The faded scent of Tunisia's Jasmine Revolution

It was ten years ago this month that the desperate act of self-immolation by street vendor Mohamed Bouazizi in the Tunisian town of Sidi Bouzid prompted not only the so-called “Jasmine Revolution” that would topple the regime of strongman president Ben Ali, but also set in train the “Arab Spring” revolt that spread across North Africa. Mediapart spoke to three young men from Sidi Bouzid who took part in the 2010 protests over Bouazizi's plight, and who reflect on what has become of their revolt that created hope of a new democratic future for their country. Lilia Blaise reports.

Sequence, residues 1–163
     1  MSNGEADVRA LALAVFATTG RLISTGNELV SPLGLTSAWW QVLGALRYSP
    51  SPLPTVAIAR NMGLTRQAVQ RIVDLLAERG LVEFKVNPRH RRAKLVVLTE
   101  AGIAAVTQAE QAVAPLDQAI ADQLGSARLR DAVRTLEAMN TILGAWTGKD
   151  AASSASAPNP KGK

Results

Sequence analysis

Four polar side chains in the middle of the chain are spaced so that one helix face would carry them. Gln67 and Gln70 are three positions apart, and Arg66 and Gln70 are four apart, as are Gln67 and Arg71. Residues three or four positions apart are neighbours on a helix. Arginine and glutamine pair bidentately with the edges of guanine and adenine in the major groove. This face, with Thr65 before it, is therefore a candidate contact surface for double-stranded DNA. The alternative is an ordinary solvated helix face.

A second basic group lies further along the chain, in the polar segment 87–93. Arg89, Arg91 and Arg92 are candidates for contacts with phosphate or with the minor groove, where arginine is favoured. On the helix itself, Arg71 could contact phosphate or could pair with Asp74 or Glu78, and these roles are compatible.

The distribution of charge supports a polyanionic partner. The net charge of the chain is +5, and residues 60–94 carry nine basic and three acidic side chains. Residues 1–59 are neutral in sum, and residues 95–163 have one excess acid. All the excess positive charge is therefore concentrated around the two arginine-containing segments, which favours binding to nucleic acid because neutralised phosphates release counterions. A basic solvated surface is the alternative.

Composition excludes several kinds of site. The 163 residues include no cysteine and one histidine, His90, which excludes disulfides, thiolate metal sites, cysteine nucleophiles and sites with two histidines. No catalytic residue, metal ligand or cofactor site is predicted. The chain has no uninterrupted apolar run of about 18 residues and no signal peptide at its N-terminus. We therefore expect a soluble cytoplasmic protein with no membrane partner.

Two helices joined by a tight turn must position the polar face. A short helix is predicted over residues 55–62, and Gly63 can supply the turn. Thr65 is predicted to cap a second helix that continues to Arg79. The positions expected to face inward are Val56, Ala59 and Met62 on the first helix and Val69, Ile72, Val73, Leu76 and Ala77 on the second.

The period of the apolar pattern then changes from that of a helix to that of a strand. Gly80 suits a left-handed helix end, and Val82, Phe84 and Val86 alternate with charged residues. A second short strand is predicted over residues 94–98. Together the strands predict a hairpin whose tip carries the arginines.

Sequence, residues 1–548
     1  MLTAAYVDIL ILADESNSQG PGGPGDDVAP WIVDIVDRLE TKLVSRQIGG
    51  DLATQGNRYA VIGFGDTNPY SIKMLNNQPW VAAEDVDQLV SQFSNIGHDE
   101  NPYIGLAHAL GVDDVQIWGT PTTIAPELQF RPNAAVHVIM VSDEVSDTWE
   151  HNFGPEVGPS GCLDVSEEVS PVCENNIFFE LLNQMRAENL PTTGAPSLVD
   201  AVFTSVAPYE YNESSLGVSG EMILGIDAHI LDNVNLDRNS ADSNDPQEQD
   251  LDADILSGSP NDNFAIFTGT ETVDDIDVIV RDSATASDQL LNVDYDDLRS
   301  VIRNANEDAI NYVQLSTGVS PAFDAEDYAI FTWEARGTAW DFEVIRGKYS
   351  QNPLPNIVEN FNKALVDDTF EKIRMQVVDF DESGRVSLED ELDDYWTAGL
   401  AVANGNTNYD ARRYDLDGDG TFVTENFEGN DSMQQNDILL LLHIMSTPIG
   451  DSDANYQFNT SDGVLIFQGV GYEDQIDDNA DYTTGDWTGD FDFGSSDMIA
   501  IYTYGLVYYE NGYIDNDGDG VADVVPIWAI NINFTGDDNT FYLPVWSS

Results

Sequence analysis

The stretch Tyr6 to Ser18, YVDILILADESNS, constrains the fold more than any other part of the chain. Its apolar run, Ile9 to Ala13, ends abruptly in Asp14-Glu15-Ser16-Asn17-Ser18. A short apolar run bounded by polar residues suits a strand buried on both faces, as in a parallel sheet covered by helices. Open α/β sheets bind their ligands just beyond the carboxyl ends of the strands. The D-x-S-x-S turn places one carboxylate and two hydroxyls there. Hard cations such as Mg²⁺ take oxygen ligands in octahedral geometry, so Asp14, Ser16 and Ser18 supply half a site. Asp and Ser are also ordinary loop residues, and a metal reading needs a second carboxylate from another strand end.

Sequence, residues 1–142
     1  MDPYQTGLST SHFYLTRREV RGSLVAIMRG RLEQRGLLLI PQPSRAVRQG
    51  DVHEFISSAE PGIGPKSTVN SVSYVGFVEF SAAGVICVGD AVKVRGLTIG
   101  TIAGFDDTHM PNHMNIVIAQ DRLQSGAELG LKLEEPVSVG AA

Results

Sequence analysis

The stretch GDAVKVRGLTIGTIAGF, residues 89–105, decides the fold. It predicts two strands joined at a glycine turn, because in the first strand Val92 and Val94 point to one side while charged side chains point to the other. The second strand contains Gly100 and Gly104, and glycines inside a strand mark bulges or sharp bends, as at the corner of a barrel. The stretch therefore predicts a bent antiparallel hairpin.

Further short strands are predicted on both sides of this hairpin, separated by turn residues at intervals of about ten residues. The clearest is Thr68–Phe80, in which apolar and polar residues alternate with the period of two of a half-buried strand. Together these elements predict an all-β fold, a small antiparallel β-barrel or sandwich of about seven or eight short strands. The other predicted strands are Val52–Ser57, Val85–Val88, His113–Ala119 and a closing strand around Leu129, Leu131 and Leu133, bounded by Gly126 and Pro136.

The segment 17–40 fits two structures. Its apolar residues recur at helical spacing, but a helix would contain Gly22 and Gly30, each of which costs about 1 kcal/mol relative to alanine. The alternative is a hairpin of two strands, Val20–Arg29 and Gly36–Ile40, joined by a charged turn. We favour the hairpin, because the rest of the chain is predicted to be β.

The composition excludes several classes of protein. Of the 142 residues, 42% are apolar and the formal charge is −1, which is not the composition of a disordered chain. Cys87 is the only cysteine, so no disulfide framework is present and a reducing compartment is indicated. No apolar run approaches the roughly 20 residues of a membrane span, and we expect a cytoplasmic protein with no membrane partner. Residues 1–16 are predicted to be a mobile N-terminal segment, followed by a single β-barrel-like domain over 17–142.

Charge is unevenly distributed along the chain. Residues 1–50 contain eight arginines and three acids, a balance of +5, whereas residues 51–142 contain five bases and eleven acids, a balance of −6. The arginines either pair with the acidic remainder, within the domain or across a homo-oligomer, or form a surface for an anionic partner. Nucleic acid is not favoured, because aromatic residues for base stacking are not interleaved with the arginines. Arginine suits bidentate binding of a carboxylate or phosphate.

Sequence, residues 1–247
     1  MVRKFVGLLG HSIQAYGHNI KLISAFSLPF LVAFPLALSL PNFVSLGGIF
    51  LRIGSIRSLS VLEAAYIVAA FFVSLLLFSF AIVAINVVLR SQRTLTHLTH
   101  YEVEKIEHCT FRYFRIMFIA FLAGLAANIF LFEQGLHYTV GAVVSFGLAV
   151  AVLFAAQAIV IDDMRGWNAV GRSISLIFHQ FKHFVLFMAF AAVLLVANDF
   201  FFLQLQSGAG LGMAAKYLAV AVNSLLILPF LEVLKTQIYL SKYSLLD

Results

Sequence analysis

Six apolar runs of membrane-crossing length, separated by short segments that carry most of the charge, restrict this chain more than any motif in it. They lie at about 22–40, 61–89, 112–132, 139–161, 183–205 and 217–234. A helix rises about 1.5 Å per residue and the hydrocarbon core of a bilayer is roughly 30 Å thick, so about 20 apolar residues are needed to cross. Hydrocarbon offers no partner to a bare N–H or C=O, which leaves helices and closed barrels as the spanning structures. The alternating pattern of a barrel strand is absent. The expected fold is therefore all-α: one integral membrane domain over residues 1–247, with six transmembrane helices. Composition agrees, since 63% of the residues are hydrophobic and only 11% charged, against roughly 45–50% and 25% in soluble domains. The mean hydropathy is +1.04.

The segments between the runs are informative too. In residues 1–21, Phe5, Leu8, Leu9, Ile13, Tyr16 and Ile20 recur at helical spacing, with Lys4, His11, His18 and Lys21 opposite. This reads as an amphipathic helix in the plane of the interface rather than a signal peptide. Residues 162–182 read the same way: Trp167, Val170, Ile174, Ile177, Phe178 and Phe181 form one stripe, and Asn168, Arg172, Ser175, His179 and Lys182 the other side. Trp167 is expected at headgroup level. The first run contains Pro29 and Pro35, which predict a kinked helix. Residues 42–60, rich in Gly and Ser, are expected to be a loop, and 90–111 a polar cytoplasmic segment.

Reading articles is for subscribers only. Login

On December 17th 2010, in the central Tunisian town of Sidi Bouzid, 18-year-old school student Nidhal Rchidi was sipping a coffee close to the local Governorate administration building. He was taking a break between two lessons, as he prepared to sit mock exams, when suddenly people in the street around him began running.

1€ for 15 days

Can be canceled online at any time

I subscribe

Only our readers can buy us

Support a 100% independent newspaper: without subsidies, without advertising, without shareholders

Get your information from a trusted source

Get exclusive access to revelations from an investigative journal

Already subscribed ?

Forgot password ?

See Journal’s homepage